It’s Raining Men!

It’s not deliberate that I haven’t been writing about the farm lately, well, not really. ?It is just that it has been so so wet that it is somewhat depressing and the last thing I wanted to do was write a blog post that complained especially when I keep seeing blog posts and pictures about the drought in the States which is worse I think.

It’s frustrating too as it makes it so hard to make decisions. It’s hard to decide where to go on a day out with the kids let alone make farming choices 😉 . We went to Lullymore in Kildare on Thursday for a day out and for the half an hour that there was heavy rain, the children were able to play in the indoor play area and then we went out into the sunshine again.

We have one lot of bulls inside, brought them in earlier than planned but they are the biggest lot and we had planned to start fattening them earlier to get them to the factory earlier – partly for cashflow reasons, partly to ease the workload at calving time and partly cos it is possible to do.

It is turning out to be an expensive summer as cattle are in and out, depending on the weather, it is hard to plan as sunny days are a bonus as the weather forecasters seem to predict rain on a daily basis so it seems like luck if we don’t get a heavy shower.

We have 2 more batches of bulls out on what is fairly heavy land and one lot was getting particularly raucous with as Brian described as ‘rowdy hoors’ in it! ?Having a good dog is invaluable when dealing with rowdy cattle. Sam has got to the stage that he gets bored bringing in the cows as they are safe and predictable. He LOVES working with the bulls, they are so much more of a challenge and he knows he has to be on his guard with them. Brian and Sam brought them into the yard and I stood there to point them in the direction of the small shed there temporarily. ?Brian told me to open the door of the tractor in case I had to jump for it which worried me slightly but they were fairly well behaved – they really bellow though.

We then had to bring them down the lane to the home farm and into the large shed. At ?300 per ton of meal – it is going to be an expensive summer and autumn as we fatten them.

We all thought 2009 was a tough summer with plenty of rain and low prices for milk but this year is much worse in terms of weather. Milk volume is down and we’re having to buy extra meal for the cows as well as buffer feed them with silage on wet days. Milk price is down too which means we’re getting ?3.5K per month less each month which is making cashflow a bit of a challenge.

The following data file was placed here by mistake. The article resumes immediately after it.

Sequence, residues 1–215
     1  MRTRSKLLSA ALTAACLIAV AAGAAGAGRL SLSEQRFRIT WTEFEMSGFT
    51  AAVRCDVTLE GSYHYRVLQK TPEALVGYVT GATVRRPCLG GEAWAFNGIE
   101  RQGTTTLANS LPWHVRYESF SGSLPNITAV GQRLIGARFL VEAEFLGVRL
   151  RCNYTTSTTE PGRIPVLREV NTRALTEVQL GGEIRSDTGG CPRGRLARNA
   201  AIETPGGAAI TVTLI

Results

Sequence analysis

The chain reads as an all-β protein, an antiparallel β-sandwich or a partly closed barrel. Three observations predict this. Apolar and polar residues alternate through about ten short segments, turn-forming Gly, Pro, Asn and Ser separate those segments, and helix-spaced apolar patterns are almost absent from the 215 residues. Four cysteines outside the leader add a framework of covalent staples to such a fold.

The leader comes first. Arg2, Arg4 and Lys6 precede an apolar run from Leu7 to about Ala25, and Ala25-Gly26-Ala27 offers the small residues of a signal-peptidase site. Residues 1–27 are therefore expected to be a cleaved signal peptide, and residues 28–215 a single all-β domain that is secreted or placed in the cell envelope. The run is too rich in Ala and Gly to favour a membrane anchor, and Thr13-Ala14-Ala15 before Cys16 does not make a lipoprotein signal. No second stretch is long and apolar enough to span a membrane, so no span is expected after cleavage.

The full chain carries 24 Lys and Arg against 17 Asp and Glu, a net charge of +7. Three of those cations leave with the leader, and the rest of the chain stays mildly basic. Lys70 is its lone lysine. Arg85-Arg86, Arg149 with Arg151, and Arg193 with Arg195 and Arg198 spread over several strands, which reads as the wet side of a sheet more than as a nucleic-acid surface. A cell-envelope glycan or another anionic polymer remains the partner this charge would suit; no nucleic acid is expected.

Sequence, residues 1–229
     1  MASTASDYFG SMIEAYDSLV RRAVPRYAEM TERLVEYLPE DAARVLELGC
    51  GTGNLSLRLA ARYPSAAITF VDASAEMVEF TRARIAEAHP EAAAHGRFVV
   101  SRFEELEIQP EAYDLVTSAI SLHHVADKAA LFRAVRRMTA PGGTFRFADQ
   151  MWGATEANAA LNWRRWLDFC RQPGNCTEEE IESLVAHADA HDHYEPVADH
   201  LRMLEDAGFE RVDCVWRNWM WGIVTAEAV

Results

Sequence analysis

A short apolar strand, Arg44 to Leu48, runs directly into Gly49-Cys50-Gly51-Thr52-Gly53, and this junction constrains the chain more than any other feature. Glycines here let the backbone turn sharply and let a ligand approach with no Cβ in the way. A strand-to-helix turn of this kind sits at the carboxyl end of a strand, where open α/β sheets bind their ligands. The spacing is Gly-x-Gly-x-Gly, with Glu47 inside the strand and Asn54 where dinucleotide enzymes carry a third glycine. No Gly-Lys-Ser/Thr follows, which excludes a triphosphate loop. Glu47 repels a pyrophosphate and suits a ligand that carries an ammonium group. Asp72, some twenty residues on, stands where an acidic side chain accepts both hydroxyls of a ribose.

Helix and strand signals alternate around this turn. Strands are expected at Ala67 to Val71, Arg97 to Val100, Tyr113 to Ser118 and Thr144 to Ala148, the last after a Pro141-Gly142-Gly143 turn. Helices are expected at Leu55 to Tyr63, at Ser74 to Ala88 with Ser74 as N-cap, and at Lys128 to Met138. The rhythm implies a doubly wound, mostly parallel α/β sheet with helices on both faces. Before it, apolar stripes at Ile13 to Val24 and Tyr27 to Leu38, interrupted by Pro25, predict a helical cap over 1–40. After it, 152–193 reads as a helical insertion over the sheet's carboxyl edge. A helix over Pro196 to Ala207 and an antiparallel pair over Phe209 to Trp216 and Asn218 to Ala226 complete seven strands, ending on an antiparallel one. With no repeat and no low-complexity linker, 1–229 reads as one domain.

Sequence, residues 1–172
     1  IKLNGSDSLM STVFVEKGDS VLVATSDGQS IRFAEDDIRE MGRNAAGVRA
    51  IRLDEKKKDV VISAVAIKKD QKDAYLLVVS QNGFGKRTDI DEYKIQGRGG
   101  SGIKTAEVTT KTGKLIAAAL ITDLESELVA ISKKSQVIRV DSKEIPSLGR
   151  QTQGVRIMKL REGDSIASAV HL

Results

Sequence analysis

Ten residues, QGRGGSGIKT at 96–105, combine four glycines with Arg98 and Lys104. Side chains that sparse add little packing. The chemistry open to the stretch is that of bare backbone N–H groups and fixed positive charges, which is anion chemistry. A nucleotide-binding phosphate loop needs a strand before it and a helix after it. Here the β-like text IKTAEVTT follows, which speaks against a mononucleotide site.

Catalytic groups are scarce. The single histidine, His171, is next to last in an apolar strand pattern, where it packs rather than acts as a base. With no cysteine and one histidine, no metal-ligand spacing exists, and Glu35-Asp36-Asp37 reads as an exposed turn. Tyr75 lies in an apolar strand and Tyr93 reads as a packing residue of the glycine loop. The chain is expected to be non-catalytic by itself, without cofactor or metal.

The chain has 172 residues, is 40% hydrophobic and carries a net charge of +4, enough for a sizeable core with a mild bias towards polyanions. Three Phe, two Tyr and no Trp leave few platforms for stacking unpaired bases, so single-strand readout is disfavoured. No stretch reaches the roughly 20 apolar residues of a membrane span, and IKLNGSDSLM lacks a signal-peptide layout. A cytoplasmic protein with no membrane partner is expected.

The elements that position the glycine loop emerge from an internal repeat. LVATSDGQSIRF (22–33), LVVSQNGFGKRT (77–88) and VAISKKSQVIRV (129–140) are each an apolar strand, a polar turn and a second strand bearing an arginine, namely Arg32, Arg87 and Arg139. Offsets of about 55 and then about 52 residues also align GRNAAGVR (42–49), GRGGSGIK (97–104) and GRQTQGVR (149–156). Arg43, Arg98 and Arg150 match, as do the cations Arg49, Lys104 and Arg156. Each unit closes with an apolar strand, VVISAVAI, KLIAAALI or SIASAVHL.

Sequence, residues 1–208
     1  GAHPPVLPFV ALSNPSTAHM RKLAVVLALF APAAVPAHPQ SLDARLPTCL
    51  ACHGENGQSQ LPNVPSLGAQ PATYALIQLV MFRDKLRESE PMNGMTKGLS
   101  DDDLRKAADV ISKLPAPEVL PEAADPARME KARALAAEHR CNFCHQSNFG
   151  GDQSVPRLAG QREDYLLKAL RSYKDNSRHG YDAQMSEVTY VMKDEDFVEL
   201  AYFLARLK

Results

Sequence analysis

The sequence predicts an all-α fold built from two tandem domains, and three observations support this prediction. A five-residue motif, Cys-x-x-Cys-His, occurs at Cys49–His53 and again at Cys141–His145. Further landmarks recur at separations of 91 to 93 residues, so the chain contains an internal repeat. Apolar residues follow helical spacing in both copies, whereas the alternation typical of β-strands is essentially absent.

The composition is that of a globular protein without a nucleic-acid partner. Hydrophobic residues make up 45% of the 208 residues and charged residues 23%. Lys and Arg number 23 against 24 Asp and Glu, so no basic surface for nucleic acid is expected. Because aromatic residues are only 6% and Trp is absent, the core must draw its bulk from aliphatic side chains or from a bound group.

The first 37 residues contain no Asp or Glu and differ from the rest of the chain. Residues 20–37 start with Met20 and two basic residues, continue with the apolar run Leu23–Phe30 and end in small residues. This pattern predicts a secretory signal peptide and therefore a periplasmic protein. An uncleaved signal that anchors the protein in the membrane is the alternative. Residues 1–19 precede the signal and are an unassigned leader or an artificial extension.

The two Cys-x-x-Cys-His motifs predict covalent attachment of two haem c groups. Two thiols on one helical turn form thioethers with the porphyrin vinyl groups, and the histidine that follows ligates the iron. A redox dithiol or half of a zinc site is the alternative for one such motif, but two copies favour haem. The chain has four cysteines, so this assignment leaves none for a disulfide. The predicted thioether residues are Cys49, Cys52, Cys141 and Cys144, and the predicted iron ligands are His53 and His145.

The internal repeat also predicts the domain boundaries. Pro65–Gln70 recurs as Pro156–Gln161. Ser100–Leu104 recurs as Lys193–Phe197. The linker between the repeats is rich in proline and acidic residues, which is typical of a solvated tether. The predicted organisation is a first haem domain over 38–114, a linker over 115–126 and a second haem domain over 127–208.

However, there are farmers that are worse off, apparently 10% of dairy farmers still have to cut their first silage. ?There’s lots of slugs in the long grass now too and apparently this can kill cattle if they are fed silage with slugs. Sounds disgusting as well as disheartening doesn’t it?

We bought straw from a farmer that had it in storage from last year and paid ?10 a bale from it. Brian wanted to get it in while the weather was wet and he wasn’t able to get to do much else on the farm. ?With fodder being short for many farmers this year, many will be buying straw to feed with meal, so straw will probably be more expensive this year too so we’re glad we’ve got that job off the list!

Here’s hoping for some sun over the bank holiday weekend 🙂

6 thoughts on “It’s Raining Men!

  • Colette

    I really like reading your blog, Lorna, on how life really is for farmers at the moment. People don’t realise how difficult it is constantly moving and feeding animals when the weather is bad. Then consumers complain about price, vicious circle. Really hope the weather get better in the coming months. Great post 🙂

    • Lorna

      Thanks Colette – it is tough out there for a lot of farmers at the mo. We have high loan repayments on land we bought so that puts pressure on us but for those with high loans and no silage in, I just cringe!

  • ayearinredwood

    It is the same here! We’re having to constantly move pigs from paddock to paddock…. they are all so waterlogged! And barley has jumped by 33% this month! Will we get an Indian summer????

    • Lorna

      I know and the supermarkets probably won’t increase what they pay for meat so the factory price isn’t likely to increase for the animals. It is going to be an expensive fattening time but we’re all healthy and hearty 🙂



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